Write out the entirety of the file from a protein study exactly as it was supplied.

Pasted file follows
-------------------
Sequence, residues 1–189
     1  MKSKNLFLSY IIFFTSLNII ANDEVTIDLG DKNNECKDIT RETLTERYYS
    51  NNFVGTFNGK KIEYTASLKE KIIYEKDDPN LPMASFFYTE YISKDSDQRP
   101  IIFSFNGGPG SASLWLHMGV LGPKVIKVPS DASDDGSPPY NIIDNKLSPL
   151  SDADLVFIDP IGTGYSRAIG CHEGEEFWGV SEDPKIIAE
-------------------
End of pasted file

Sequence, residues 1–189
     1  MKSKNLFLSY IIFFTSLNII ANDEVTIDLG DKNNECKDIT RETLTERYYS
    51  NNFVGTFNGK KIEYTASLKE KIIYEKDDPN LPMASFFYTE YISKDSDQRP
   101  IIFSFNGGPG SASLWLHMGV LGPKVIKVPS DASDDGSPPY NIIDNKLSPL
   151  SDADLVFIDP IGTGYSRAIG CHEGEEFWGV SEDPKIIAE